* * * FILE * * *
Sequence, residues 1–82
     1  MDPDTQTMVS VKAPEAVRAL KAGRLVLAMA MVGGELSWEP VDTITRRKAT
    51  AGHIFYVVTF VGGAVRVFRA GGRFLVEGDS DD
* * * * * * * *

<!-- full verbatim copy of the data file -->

Sequence, residues 1–82
     1  MDPDTQTMVS VKAPEAVRAL KAGRLVLAMA MVGGELSWEP VDTITRRKAT
    51  AGHIFYVVTF VGGAVRVFRA GGRFLVEGDS DD